Northwind Arts Center’s move likely to inspire other shifts in Port Townsend
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Northwind Arts Center Executive Director Michael D’Alessandro and board chair Jeanette Best inspect the new downtown Port Townsend space the gallery hopes to take over in October. — Charlie Bermant/Peninsula Daily News

By Charlie Bermant
Peninsula Daily News

PORT TOWNSEND — If the Northwind Arts Center is successful in moving to a larger space downtown, a chain-reaction could ensue that affects arts, business, government and public bus transportation.

The board of the nonprofit Northwind Arts Center, which has displayed and sold regional art at 2409 Jefferson Street for 12 years, signed a lease-purchase agreement for the lower floor of the Waterman & Katz Building at 701 Water St., last week.

The lease for the space — which at 3,361 square feet is about a third larger than the center’s present location — is for six months.

That sets the arts center a deadline for a decision about buying the space, renovating it and moving in, board member Judy Drechsler said.

Moving depends on the success of a capital campaign, also started last week, that aims to raise $345,000 to buy and refurbish the new space.

“If we can raise the money, we have first dibs on the purchase,” Drechsler said.

“If we can’t, we can cancel.”

The center’s move could begin a chain reaction in which the city of Port Townsend opens a new Visitor Information Center in the current Northwind space and Jefferson Transit buys the present visitor center at 440 12th St., adjacent to the Haines Place Park and Ride, according to City Administrator David Timmons.

Proceeds from the sale of the visitor center would go to renovating the present Northwind space to house visitor center activities, the Jefferson County Chamber of Commerce and a development center that would provide a clearinghouse for new businesses, Timmons said.

The new visitor center would have more space, a better location, more parking and provide a better welcome to both tourists and businesses, he added.

The city also has applied for a state Department of Transportation grant for sidewalk repair.

The final piece would be to install a Russell Jacqua sculpture on a triangle of land at the intersection of Jefferson Street and Sims Way.

Timmons said Willene Jaqua, the sculptor’s widow, has promised the sculpture to the city.

The new locations would be improvements for all, say those involved.

The Visitor Information Center would be on a “can’t miss” path to downtown while the previously isolated Northwind gallery would be at the epicenter of the town’s arts activity.

“The location gets a lot of foot traffic and will allow us to better showcase artists and have a greater presence during the monthly art walk,” said Michael D’Alessandro, the center’s new executive director.

The arts center is not only a venue for visual art exhibitions, but also hosts poetry readings and workshops.

“We will use the space to hold workshops and poetry readings and will have enough space that we will have seats for everybody,” said Jeanette Best, Northwind board president.

“Right now our events are standing-room-only.”

The lease-purchase agreement is for only the bottom floor and does not affect the six privately owned condos on the second and third floors.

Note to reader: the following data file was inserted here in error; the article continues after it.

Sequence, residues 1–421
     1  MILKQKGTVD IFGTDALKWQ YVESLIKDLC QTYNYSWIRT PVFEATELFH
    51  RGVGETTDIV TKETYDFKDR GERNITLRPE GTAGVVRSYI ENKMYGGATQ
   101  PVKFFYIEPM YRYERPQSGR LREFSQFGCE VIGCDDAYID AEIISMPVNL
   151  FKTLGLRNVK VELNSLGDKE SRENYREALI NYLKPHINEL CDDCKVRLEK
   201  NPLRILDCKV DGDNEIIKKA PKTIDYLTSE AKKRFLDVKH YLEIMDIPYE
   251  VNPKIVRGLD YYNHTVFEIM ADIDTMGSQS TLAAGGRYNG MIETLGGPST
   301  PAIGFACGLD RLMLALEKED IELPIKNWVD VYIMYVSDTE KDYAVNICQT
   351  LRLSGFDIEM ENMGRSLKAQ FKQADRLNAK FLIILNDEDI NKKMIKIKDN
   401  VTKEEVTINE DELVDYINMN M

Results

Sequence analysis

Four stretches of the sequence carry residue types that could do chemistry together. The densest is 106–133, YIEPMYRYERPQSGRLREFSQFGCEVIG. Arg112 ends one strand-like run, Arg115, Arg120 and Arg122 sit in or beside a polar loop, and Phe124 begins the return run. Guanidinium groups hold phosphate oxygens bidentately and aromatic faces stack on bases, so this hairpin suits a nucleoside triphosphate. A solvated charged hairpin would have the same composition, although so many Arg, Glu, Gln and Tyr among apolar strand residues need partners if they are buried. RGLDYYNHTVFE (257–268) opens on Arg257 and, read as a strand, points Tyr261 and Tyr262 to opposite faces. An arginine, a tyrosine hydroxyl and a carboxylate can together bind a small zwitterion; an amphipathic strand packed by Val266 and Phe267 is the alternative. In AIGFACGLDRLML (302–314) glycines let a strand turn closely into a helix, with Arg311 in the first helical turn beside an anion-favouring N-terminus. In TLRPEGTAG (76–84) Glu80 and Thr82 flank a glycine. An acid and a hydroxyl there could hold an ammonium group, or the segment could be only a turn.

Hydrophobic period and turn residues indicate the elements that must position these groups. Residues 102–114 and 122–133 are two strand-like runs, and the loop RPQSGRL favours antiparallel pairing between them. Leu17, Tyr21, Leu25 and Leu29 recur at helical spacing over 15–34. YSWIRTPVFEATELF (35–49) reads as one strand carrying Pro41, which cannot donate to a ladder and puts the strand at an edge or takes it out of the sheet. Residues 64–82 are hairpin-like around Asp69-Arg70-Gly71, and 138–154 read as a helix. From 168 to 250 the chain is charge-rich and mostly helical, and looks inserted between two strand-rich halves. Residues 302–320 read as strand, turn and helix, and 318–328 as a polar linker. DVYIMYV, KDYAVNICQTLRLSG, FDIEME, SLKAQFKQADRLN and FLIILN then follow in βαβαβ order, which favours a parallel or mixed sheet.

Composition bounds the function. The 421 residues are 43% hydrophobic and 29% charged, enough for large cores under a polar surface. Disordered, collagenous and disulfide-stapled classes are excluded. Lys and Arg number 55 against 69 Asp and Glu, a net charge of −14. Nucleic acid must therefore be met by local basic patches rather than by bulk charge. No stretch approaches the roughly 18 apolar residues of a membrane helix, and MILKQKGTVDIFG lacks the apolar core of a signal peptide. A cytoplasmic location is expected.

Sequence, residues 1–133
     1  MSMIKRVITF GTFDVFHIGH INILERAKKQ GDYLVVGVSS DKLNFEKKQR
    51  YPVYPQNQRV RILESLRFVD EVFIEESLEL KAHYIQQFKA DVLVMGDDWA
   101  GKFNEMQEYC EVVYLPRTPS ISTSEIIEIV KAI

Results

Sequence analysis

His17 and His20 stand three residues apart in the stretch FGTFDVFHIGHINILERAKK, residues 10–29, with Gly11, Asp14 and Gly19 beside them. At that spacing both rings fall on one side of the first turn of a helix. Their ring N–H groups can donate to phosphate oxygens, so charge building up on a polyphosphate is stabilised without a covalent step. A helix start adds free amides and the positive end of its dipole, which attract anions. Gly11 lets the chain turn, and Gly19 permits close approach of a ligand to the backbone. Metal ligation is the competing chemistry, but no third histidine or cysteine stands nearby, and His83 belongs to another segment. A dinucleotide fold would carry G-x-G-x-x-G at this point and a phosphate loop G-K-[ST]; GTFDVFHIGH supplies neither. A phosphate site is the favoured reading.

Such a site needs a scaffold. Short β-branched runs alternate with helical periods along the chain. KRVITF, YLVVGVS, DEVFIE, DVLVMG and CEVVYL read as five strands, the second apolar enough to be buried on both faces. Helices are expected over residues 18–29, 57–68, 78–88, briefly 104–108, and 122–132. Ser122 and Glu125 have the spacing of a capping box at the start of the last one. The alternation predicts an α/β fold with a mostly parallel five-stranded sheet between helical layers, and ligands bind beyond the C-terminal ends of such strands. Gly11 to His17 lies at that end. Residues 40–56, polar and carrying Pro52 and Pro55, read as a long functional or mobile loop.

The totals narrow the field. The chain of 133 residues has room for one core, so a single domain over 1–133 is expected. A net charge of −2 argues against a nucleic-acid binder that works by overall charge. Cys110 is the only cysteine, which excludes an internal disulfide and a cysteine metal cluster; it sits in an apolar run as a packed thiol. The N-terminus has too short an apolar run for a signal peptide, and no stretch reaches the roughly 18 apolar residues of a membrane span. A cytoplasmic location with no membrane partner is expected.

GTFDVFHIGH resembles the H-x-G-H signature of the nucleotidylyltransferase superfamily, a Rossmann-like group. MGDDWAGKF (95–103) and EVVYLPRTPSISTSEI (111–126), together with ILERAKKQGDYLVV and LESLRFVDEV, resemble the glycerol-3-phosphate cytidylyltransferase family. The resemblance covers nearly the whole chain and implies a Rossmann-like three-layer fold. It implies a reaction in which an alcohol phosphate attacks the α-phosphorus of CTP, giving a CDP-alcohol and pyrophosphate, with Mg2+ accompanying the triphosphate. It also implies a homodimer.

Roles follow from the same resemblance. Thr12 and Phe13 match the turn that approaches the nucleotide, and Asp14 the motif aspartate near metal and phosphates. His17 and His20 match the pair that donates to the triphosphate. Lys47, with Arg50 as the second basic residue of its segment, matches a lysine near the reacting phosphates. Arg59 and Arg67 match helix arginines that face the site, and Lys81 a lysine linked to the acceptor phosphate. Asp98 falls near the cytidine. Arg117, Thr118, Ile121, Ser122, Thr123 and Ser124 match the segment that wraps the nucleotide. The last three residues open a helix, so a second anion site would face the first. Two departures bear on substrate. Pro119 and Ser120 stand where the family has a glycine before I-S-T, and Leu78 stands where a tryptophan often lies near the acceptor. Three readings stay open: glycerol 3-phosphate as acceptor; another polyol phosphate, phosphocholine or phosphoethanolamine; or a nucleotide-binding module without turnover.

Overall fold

The new Northwind would occupy space that last housed Ancestral Spirits Gallery, which closed in 2012.

The rear portion of the bottom floor housed Puget Sound Energy before the Jefferson County Public Utility District took over electrical service in 2013.

The purchase price of the combined space is $295,000, far less than the nearly $600,000 assessment on file at the county auditor’s office, and will require about $50,000 in renovations, D’Alessandro said.

This includes connecting the back and front portions by removing a bathroom to create a connecting hallway.

The space has 16-foot ceilings and so is well-suited for the display of larger pieces, but the outer brick walls may need to be modified or covered for those displays, D’Alessandro said.

During the lease period, the center will have some displays and put on fundraising events, Drechsler said.

The move probably would be in the fall, hopefully in time for the Oct. 4 Art Walk, D’Alessandro said, with the center closing for about a week during the move.

The timing fits with the city’s preference. Timmons said that he doesn’t want to move the Visitor Information Center during the summer season.

The proposed move and capital campaign are among D’Alessandro’s first tasks as the center’s first hired executive director.

D’Ales­sandro, who also owns the Bedouin Books press, began working 20 hours a week for the center on May 15, thanks to an anonymous $30,000 donation.

If the capital campaign falls short, Northwind may operate out of the downtown location until a purchase can be arranged, D’Alessandro said.

“Part of the motivation for this move was the desire to own rather than rent,” he said.

“Owning eliminates the risk of increasing rents downtown, which has caused many businesses to move or close.”

Help can be provided in two ways: by donation or by pledges.

Donations will stay with the center whether it moves or not.

Pledges will not be called in until the combination of donations and pledges reached $250,000 and it is certain the center will buy the new space.

Details of the capital campaign, and a pledge card, are in a brochure available by calling the gallery at 360-379-1086.

Donations can be made on the website at northwindarts.org.

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Jefferson County Editor Charlie Bermant can be reached at 360-385-2335 or cbermant@peninsuladailynews.com.

Last modified: June 01. 2014 6:52PM
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